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  3. What's with the bigotry? Is that your go-to? To assume that conservatives are racist? Prejudge much?

    M

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  4.    In the long-running feud between VD and Jemisin, it seems to me that the latter has said far more things displaying much severer racial bigotry (“racism” has become a term-of-art so I will avoid that word) than the former.
       And while Beale delights in being inflammatory, a careful reading of his words tends to show they’re not nearly as racially-bigoted as seems at first glance. Take his “half-savage” comment: this was not aimed at Jemisin for being black, but for identifying with street criminals over Western civilization. (So why does he write in such a way that a cursory reading seems to indicate racial bigotry? He seems to be doing this deliberately, inviting his opponents to misread him so he can later mock their lack of reading comprehension. It’s a somewhat trollish debating tactic, but perhaps suitable to opponents who look for excuses to dismiss one’s words.)
       Particularly relevant to this discussion the is comment Larry Correia left on his blog [link]:
       “When [Vox Day] first started getting dog piled I got curious and emailed him about it. We ended up having a very long email discussion back and forth arguing about various topics. […]
       “I came away from this discussion with the honest belief that Vox isn’t a racist. He believes there are genetic differences between human groups (duh, that’s basic science) but doesn’t believe in the superiority of any of them (because define superior), and then it turned into a big discussion on culture.” (Slightly edited, emphasis added.)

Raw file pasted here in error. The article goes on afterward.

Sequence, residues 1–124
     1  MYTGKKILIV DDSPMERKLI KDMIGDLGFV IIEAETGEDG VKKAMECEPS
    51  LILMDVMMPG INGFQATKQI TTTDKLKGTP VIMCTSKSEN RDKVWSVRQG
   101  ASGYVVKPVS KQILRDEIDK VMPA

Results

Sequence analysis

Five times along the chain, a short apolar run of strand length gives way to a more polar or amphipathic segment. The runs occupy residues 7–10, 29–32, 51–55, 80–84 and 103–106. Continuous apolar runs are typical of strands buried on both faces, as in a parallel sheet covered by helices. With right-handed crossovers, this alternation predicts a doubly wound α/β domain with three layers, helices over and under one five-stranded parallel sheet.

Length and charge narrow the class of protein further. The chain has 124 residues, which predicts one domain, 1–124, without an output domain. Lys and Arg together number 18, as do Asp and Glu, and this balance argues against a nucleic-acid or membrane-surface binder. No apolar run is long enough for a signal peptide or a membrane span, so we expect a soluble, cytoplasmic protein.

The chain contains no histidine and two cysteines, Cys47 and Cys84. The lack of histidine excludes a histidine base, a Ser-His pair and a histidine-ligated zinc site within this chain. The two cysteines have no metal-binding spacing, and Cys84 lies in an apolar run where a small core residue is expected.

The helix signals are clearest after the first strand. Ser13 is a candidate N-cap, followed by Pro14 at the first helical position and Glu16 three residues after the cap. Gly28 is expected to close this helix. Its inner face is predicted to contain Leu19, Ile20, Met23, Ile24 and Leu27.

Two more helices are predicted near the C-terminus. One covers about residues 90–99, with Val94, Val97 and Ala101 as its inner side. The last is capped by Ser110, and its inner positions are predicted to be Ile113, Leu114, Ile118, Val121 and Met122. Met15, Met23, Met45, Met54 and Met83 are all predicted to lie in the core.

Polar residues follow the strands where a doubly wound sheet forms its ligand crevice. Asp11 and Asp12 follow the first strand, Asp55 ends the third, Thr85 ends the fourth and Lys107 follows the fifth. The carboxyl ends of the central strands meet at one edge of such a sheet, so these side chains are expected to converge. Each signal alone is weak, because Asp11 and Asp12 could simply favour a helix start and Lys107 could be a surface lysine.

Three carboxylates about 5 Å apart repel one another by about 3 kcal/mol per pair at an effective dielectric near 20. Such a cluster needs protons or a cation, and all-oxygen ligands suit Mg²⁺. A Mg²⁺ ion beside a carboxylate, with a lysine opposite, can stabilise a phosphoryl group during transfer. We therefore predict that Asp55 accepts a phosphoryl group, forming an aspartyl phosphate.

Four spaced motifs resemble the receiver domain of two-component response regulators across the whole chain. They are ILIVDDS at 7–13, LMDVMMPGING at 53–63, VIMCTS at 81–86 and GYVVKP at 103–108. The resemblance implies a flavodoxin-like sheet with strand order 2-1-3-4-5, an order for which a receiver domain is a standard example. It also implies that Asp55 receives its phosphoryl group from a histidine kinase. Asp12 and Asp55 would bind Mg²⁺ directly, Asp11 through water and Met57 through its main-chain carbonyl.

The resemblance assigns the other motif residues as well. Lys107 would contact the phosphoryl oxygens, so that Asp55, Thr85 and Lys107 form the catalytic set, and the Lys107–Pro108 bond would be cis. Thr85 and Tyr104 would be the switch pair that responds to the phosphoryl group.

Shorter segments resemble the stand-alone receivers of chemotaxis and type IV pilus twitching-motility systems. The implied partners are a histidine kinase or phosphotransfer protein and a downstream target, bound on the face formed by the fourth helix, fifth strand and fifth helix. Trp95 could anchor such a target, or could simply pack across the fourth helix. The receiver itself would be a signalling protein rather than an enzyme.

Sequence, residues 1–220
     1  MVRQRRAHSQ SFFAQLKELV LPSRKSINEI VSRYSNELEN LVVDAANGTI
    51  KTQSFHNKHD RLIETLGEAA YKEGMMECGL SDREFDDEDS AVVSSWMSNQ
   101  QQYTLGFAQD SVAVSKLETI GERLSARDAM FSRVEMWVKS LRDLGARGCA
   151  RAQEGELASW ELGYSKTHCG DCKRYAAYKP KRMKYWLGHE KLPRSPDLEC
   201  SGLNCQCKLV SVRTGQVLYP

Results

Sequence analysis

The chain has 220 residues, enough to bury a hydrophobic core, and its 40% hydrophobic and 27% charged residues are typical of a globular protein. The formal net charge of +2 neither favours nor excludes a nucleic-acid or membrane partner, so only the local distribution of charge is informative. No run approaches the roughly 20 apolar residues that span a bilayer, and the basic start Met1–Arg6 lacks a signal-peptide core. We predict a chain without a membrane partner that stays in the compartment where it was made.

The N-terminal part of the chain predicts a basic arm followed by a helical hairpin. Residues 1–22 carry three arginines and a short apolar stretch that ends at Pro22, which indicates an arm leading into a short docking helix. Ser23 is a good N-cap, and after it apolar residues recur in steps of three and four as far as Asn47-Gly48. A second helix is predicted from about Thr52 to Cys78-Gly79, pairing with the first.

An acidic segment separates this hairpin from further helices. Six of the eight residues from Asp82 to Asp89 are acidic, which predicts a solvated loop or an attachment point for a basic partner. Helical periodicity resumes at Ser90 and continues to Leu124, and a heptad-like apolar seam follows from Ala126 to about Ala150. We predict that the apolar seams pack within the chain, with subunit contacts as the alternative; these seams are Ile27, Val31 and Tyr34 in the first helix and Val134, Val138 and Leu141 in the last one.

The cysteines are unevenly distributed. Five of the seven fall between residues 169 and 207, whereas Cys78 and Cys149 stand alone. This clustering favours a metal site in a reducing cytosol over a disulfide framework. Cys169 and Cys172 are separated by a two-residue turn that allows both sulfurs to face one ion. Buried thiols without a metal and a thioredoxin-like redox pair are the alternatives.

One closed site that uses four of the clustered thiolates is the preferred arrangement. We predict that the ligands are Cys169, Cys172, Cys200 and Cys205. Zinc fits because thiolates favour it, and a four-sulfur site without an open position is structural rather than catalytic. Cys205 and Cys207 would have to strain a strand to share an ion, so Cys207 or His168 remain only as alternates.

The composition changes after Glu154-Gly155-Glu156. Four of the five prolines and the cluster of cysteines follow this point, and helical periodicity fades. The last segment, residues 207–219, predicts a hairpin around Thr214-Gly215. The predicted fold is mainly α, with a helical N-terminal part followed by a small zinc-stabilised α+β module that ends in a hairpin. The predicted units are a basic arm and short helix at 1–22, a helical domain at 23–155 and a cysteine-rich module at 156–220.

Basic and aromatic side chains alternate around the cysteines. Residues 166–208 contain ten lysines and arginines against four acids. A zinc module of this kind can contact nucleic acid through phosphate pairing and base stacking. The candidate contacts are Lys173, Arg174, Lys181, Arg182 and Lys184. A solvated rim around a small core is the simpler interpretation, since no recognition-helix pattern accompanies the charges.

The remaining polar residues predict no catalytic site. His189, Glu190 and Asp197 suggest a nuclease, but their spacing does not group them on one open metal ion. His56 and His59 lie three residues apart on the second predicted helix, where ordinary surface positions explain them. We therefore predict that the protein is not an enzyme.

Regarding “support”, see the main post in the link above, particularly this bit:
       “Public declaration of support? By that Damien means I failed to join his lynch mob? Sadly I couldn’t find my jack boots in time.
       “I enjoyed Vox’s story and I put it on my slate, that doesn’t make me his spokesman. The guy is capable of defending his own beliefs. My only public declarations of support have been in favor of free speech.”
       You may well disagree with my understanding, and Larry’s, of Beale’s racial bigotry or lack thereof. But concern trolling over Larry’s supposed support for racists is going to fail on the dual grounds that (a) Larry is explicitly not supporting VD and (b) Larry doesn’t think VD is actually a racial bigot. And calling someone’s judgement “disingenuous” because your second- and third-hand reports, and hastily-skimmed readings of his own words, lead you to a different conclusion—that’s tendentious at best.

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  5. Your article is a threat. You accuse people who disagree with being racist, a typical liberal tactic used to stifle dissent.

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  6. Some replies - dealing with the simple ones first.

    Mark Philip Alger: I think the post makes a pretty clear distinction between conservatives and racists.

    Walter Knight: Again, I'm pretty clear that I don't think the people I'm addressing in this post are racist, even if I might disagree with them.

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  7. Joel Salomon:

    On Theodore Beale - a racist, offensive remark wrapped in an ironical debating device is still offensive, even granting your premise. Character references - which effectively Correia is offering - don't cancel that out.

    I have been clear, I hope, that Correia is not supporting Beale over and above putting him on his Hugos slate and is on the record that he himself is not racist. My key point is that putting forward such a divisive, controversial figure (to put it mildly and in terms you might find acceptable) risks contaminating by implication conservative/libertarian positions in science-fiction.

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  8. UPDATE: I am no longer taking comments on this thread. What I've received so far doesn't inspire me to hope for a meeting of minds:

    - two mildly hostile misunderstandings
    - two wrong-headed attempts to establish equivalence between Beale and Jemisin's comments.
    - a discussion about whether Beale's comments were offensive or not.

    As I think the one thing all parties would agree on is that this is not getting any of us anywhere, let's stop here.